Shares close 2.86% lower
Taiwanese shares closed 2.86 percent lower yesterday on fresh concerns about the global economy and Wall Street’s overnight fall, dealers said.
The weighted index fell 129.68 points to 4,405.86 on turnover of NT$51.18 billion (US$1.55 billion).
Losers outnumbered gainers 1,403 to 164, while 166 stocks were unchanged.
A total of 71 shares fell by their daily 7 percent limit, against 10 that were limit-up.
“Mr Terry Gou’s [郭台銘] recent forecast about the bleak outlook of the technology industry worried investors,” said Young Wang of Yuanta Securities Investment Consulting (元大投顧).
Gou, head of Hon Hai Precision Industry Co (鴻海精密), the world’s leading contract manufacturer of electronics by revenue, warned on Friday that the slump in the global technology industry could be more severe than previously thought.
Big caps led the broader-range decline, which fell below the 20-day moving average. But as the turnover shrank, the market is not likely to test the previous low of 3,955, Wang said.
Samsung loses court case
A Chinese court has ordered South Korean electronics giant Samsung to pay compensation to a local cellphone manufacturer for alleged patent infringement, state media reported yesterday.
The Hangzhou Intermediate People’s Court in Zhejiang Province ordered Samsung to pay local firm Holley Communications (華立通信) 50 million yuan (US$7.3 million) in damages, Xinhua news agency said.
Samsung was also told to stop selling products incorporating a technology developed by Holley for handsets, it said.
Holley Communications hoped other companies would pay royalties for patent rights, company president Ge Chen (葛成) said in a statement on its Web site when the firm filed the lawsuit against Samsung in April last year.
Sinopac plans to cut costs
SinoPac Financial Holdings Co (建華金控), the nation’s eighth-largest financial services provider, has hammered out a plan to cut costs by NT$1.3 billion by the end of next year, the Chinese-language Commercial Times said yesterday.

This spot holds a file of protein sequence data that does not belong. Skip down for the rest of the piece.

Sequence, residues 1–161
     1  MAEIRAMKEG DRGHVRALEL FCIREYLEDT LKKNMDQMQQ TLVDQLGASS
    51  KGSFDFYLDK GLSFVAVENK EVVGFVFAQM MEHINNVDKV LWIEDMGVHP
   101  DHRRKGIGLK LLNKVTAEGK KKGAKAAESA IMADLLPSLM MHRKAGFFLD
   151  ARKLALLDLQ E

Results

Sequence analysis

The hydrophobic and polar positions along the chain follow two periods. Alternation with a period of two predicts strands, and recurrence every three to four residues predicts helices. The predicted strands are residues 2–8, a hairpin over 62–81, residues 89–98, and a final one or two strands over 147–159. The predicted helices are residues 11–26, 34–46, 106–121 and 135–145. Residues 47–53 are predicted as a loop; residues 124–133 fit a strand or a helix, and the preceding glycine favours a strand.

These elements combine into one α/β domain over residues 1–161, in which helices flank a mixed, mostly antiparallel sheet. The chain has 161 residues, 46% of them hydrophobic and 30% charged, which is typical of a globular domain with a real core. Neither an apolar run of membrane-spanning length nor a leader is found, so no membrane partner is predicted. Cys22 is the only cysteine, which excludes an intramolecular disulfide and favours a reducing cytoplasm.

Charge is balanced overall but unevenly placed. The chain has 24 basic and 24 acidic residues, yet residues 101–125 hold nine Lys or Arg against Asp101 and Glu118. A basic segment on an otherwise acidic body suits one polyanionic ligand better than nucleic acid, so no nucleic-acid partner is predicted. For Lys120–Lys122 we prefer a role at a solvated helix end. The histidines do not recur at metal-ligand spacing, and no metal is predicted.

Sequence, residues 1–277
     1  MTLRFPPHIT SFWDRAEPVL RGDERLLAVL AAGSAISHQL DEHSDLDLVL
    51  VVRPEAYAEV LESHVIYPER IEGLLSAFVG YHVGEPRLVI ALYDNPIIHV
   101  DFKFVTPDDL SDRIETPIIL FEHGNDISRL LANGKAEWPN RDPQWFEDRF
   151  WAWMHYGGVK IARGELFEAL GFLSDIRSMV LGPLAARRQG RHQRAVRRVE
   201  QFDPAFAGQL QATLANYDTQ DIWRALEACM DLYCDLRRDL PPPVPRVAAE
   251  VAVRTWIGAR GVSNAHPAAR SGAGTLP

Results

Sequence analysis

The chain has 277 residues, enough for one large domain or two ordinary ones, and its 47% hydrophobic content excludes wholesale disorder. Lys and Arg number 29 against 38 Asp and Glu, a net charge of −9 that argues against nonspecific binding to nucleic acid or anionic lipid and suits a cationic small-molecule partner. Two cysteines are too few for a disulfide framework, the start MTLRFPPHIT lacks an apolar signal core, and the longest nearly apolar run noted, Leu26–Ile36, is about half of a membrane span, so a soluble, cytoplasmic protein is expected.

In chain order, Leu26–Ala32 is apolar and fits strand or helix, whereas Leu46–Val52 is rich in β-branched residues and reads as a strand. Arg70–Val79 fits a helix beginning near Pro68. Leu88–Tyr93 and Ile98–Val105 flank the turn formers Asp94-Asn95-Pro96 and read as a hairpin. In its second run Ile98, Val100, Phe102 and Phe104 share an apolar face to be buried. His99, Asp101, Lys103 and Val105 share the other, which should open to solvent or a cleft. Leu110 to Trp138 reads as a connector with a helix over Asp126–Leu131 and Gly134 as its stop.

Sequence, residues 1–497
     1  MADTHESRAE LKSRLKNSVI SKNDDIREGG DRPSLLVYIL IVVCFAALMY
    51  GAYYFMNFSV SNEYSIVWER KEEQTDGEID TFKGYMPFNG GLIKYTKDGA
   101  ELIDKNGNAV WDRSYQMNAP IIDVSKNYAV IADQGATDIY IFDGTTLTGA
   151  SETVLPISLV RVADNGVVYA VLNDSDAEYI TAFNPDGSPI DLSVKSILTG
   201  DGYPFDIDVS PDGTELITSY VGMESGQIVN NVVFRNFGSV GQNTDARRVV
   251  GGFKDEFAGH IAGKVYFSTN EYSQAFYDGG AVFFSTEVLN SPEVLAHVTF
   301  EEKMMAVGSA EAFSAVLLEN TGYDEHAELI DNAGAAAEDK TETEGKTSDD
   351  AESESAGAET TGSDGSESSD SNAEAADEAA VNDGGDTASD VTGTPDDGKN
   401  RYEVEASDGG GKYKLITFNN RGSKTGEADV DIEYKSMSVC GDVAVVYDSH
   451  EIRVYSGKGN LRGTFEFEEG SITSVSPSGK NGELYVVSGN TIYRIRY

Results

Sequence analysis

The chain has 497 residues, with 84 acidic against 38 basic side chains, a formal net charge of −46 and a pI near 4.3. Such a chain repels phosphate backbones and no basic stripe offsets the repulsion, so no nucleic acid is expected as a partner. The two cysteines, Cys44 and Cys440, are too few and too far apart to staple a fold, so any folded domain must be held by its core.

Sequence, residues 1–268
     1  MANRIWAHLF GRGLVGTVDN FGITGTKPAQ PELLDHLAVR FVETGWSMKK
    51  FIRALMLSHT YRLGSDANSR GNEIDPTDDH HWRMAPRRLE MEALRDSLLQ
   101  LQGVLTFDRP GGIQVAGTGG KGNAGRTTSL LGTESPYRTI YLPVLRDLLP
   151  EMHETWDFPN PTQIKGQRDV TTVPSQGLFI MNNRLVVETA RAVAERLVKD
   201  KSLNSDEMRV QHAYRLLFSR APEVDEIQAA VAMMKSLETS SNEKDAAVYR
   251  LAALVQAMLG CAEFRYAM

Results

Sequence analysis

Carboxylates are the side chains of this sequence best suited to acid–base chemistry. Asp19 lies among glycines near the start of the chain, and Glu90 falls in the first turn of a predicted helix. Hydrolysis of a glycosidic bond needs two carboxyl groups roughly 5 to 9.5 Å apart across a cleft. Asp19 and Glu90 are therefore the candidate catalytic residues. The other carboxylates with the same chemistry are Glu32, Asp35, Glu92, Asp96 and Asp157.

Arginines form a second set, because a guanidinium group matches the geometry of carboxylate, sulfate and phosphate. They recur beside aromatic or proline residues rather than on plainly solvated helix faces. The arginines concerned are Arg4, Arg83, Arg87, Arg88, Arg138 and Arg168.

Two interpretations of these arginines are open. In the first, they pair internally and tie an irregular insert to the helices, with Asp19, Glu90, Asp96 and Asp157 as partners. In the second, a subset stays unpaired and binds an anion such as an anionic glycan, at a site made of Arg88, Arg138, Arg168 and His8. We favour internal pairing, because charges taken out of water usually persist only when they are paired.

The company will immediately freeze its efforts to recruit new blood, while continuing with a plan to slash 5 percent of its 7,000-member workforce by the end of the year, the newspaper reported.
The performance-based termination of employment is likely to save up to NT$500 million in salary expenditures, the report said.
The company will also implement cost-cutting measures such as reducing office rentals and transportation subsidies for employees, the report said.
The company’s year-end party and two-month-salary bonuses to employees will not be affected, Sinopac chairman Ho Show-chuan (何壽川) was quoted as saying.
China may cut lending rate
China’s central bank may cut the main lending rate by 75 basis points by the end of the first quarter of next year and another 54 basis points later in the year, RBC Capital Markets said.
RBC said in a note to clients that it expected the lending rate to be at 3.96 percent by the end of next year.
NT dollar loses ground
The NT dollar dropped for a third day against its US counterpart yesterday, after its biggest decline in seven years on Monday.
The NT dollar fell 0.5 percent to NT$33.085 as of the 4pm close, Taipei Forex Inc said.
The local currency touched NT$33.155, the lowest level in the past week. It weakened 1.2 percent on Monday, the steepest drop since May 28, 2001.